The arguments of the nothing-has-changed brigade boil down to the old adage that 'the poor are always with us', or at worst a repetition of the rhetorical question, 'what about the workers?'. This is an approach which implicitly seeks to reassure us that we still live in an unfair world. But its claims to be a radical criticism of the status quo actually obscure a profoundly conservative instinct. Like their more mainstream counterparts, radical thinkers now continually point to the mounting dangers facing human existence. Indeed they are often even more promiscuous in their doom-mongering than are conservative commentators. They revel in stories about X-files style cover-ups over poisoned food, lethal pollutants, new diseases and other threats to human health. The problem is, however, that when everything is treated as a cover-up brought about by secret conspirators, then nothing and nobody gets properly criticised.
It seems that, regardless of their point of departure, commentators of different shades of opinion are now likely to arrive at a strikingly similar conclusion: that the world is an increasingly dangerous, out-of-control place. The target of their concern may differ - some are more anxious about the rise of street crime, while others are obsessed by the variety of abuses that children face. However, such differences in emphasis are resolved through a common belief in the need to extend authoritarian controls. Conflicts of interpretation and ideological commitments do not stand in the way of a consensus that inflates the crisis of society. As a result, the entire spectrum of mainstream politics is devoted to extending the policing of everyday life. All sides share the view that human passions need to be controlled rather than encouraged.
Against this background, the conclusion of almost every discussion is that people are not trustworthy and cannot be expected to live their lives responsibly. The tendency to treat adults as children informs the action of the entire political class. Many of today's major political 'debates' are really an exchange of different proposals about the most effective way to limit human aspirations. Individuals are no longer presented as the 'political man' and still less as members of the 'revolutionary class' of former days. Instead, according to today's political vocabulary, we have the victim, the bullied, the client, the end user, the consumer or the stakeholder. The more passive and restricted role assigned to the client shows how far we have come from the days when the individual was at least rhetorically considered to be a 'political man'.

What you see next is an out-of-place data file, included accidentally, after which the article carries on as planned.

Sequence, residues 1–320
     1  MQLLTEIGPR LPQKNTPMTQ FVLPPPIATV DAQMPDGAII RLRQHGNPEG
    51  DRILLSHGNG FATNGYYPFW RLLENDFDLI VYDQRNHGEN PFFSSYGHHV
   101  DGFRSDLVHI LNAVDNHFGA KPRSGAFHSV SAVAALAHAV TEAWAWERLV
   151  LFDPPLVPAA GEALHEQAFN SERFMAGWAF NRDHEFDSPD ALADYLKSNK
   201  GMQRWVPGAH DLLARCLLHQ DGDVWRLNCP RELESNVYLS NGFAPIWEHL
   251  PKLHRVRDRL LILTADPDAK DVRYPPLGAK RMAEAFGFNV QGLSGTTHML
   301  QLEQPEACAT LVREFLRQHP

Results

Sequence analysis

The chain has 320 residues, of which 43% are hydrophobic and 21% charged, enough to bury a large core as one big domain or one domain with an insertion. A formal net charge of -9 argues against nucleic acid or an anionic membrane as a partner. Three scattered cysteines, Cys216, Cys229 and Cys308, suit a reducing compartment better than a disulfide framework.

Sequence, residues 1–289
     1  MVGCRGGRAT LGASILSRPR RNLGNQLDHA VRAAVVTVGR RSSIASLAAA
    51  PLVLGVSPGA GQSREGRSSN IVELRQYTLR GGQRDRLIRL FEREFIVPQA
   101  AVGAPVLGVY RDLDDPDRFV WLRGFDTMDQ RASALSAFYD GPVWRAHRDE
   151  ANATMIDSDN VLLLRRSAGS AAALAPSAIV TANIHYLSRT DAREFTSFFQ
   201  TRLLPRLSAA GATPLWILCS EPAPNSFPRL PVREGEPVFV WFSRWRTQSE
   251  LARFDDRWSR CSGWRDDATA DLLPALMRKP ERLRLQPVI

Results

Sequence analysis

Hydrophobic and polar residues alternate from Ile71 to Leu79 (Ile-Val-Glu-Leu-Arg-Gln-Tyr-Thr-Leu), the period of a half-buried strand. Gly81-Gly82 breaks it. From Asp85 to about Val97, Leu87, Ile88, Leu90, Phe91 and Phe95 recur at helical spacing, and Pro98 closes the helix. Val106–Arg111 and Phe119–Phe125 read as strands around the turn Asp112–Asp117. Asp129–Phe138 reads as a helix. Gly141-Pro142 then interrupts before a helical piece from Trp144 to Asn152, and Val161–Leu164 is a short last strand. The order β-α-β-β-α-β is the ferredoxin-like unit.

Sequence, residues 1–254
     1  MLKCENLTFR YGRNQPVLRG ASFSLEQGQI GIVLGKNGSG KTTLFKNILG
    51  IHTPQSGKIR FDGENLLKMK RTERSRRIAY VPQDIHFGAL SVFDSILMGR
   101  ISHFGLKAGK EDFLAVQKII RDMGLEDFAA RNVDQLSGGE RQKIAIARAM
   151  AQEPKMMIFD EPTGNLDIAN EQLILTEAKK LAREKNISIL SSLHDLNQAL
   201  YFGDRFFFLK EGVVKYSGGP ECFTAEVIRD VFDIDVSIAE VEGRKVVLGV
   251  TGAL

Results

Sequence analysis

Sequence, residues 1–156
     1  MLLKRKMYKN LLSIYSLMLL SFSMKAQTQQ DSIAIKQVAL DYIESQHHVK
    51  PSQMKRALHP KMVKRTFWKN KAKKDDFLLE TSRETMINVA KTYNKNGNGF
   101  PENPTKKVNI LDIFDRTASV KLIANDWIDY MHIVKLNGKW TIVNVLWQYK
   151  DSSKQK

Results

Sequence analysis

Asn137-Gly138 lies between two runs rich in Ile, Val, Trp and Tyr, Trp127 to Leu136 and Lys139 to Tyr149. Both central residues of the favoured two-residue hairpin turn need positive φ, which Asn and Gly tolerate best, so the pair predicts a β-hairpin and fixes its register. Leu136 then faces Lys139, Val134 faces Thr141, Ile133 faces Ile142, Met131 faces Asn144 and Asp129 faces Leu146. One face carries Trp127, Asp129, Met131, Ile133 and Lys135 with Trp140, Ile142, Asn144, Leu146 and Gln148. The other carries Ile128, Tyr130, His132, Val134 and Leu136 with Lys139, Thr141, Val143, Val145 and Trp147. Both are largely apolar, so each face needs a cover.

But what about class?
Class conflict has played a crucial role in the evolution of world politics. Most distinctively modern ideologies have had a strong foundation in the experience and aspirations of a particular class. So it is not surprising that those who remain committed to some form of fundamental social transformation are concerned about the decline of class politics.
Those who are waiting and hoping for a revival of class politics or class solidarity have missed the fundamental changes at work. The past two decades have been marked by the decomposition of class institutions.
Working class institutions like the trade unions have been exposed as empty shells, while important political institutions of the ruling classes, from the monarchy to parliament, have been similarly discredited. The full explanation for this development lies outside the scope of this essay, but the defeat of former political experiments, the exhaustion of political traditions and the erosion of old solidarities have all taken their toll. As a result, individual experiences are now rarely mediated through wider institutions of solidarity. People still live and work near each other, and obviously empathise with one another, but they lack the institutional means to give any meaning to that which binds them together.
The insignificance that people attach to class in a political sense is not the consequence of media manipulation in the way that some on the old left claim. For example, the long-running Liverpool dockers' strike has received little attention from the British media. No doubt national newspaper editors and television producers are not particularly sympathetic to the fate of striking workers. But then, nobody else cares much about them either. The reason why this industrial action is not news is partly because a lot of working people cannot, at this point in time, relate to this experience.